I am looking to perform a large overhaul on a complex simulation system that simulates several instances of several vehicle models in a classroom training environment. For example, 24 students may be running simulations on three different vehicles for maintenance and operation. Instructors will be required to have tablets that can connect to any of the 24 active simulations to control the training scenario.
The primary system will be running on Linux but there are no other requirements for OS and machine specs can be built as needed. Performance of each simulated pass must be able to consistently run at ~10ms intervals with a +-2ms tolerance.
A primary goal is to make this system very modular so that it can be extended and reused by other training facilities with unique vehicles and needs.
My thought was to use a layered architecture (system, business, UI). The definition of each vehicle model can be stored in a database and therefore edited independently by a superuser (modularity/extensibility of the vehicles). Each layer would likely have to read this database to dynamically allocate the resources that particular layer will require.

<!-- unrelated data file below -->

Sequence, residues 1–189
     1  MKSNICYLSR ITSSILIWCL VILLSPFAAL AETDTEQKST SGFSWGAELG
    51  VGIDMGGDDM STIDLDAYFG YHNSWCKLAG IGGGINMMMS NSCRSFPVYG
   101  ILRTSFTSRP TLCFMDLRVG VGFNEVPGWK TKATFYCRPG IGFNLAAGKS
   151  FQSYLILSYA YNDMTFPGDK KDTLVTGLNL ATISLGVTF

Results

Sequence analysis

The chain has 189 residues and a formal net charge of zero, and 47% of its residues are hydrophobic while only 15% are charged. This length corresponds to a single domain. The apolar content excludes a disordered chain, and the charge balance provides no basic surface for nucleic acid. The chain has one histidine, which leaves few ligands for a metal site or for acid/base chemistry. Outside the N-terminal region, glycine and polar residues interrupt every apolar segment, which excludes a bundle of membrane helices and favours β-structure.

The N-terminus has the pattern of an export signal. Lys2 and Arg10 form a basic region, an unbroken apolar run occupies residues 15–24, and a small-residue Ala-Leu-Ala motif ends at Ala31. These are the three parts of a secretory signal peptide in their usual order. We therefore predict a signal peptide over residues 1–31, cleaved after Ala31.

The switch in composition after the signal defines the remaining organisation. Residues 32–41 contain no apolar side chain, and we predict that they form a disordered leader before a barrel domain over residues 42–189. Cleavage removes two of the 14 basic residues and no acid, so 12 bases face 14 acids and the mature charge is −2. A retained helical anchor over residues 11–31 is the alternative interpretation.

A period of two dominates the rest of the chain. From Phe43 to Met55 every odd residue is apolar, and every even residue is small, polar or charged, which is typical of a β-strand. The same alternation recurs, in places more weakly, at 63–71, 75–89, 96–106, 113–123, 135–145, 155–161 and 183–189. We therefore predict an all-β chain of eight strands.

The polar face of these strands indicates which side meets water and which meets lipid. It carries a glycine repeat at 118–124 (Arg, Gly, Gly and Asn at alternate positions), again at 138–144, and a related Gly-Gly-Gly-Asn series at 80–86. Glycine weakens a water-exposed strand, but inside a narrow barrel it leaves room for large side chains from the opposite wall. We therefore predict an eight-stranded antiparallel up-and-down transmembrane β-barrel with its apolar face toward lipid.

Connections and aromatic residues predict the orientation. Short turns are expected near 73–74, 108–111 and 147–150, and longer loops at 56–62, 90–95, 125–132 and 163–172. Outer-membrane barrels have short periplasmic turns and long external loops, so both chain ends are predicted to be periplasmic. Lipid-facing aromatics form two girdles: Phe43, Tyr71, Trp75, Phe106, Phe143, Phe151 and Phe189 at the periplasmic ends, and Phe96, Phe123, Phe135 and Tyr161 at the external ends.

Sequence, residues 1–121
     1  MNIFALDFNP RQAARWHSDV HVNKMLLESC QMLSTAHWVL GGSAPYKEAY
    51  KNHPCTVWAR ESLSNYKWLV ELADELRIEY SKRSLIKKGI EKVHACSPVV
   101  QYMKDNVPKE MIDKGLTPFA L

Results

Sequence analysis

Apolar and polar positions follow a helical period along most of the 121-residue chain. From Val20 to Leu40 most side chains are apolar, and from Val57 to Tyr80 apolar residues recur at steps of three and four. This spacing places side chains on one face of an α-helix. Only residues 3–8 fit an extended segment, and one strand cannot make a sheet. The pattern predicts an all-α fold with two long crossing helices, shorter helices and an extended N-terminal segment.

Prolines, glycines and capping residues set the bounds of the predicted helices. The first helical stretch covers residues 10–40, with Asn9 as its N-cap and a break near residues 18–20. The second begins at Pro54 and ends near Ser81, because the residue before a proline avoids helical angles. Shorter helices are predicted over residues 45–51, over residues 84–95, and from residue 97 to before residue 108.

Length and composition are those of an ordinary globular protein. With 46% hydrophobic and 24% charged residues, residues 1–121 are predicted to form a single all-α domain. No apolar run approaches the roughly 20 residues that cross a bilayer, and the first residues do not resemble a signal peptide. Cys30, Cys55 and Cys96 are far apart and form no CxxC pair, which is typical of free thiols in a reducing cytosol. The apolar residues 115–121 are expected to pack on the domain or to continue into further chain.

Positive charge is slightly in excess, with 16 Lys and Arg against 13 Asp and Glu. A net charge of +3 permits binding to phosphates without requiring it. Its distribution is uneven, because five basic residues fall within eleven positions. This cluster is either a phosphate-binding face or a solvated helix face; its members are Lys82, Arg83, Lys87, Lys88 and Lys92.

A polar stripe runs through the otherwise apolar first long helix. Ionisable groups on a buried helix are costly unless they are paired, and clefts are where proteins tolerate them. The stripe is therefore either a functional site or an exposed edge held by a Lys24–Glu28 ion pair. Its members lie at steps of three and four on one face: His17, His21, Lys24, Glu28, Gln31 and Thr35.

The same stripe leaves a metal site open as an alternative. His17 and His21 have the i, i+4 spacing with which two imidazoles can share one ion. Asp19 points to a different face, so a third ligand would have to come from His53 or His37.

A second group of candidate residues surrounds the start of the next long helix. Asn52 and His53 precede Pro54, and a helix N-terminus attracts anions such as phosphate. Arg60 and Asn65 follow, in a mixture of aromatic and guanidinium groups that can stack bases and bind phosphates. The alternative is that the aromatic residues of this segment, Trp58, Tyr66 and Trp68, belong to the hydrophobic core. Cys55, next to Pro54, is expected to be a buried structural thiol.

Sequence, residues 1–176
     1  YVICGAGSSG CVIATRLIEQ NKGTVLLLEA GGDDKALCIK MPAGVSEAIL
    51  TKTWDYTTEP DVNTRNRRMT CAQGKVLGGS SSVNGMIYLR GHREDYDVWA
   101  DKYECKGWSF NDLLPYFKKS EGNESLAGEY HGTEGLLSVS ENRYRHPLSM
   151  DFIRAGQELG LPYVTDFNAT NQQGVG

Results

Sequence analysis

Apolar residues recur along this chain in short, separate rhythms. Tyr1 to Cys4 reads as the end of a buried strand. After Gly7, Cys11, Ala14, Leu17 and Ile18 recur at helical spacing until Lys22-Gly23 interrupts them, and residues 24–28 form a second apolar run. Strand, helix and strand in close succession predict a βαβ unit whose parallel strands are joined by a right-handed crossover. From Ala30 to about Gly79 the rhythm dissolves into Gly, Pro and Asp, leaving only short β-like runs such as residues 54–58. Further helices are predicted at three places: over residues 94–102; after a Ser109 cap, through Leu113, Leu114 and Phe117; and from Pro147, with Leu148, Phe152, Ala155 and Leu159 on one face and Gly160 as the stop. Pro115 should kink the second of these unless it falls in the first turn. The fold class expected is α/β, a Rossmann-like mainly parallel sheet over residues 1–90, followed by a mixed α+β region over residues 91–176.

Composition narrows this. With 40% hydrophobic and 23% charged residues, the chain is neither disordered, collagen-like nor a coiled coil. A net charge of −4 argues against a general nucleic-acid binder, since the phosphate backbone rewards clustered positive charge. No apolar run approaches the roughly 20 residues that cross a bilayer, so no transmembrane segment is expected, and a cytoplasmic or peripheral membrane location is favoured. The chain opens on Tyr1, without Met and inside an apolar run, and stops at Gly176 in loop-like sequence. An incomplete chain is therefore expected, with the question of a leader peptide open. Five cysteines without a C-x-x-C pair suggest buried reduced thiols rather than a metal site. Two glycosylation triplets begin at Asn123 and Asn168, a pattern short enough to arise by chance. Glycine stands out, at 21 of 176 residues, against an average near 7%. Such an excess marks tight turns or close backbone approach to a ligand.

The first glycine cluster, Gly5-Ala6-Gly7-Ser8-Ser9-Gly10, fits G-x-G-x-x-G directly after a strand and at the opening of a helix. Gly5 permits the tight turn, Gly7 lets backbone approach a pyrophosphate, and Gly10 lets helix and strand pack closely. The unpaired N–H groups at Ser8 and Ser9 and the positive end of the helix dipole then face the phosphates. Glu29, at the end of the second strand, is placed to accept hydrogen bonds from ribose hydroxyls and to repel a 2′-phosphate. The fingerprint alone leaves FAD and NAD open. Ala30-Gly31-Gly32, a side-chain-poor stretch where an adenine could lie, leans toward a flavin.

Originally I planned to use shared memory for the system layer, setting up permissions and authentication for any business layer to attempt to login. The primary simulation business logic would then continually update the vehicle details according to the active data. The instructor interface would have a business layer server that connects to all 24 clients and also logs into the system layer to modify simulation parameters. All inputs from the student and visual outputs would each have a business layer that can login to the shared memory system layer as well. All of these acting as separate applications so that they can be removed/added/extended as needed.
The problem then came when I realized that classes do not work well with shared memory. I would need to serialize every get/set of the shared memory into a flat memory structure. Having not worked with this architecture before, I am unsure if this plan will create a large performance hit. Technically I can dedicate some cores to the primary business layer logic that performs the simulation.
Would using shared memory with a suite of applications be an appropriate way to resolve this system? Would another cross-process communication type such as pipes be more advisable than shared memory? Would it be better to maintain the system and business logic into a single application and simply use mutexes and cross-threading to ensure performance? Am I going about this all wrong?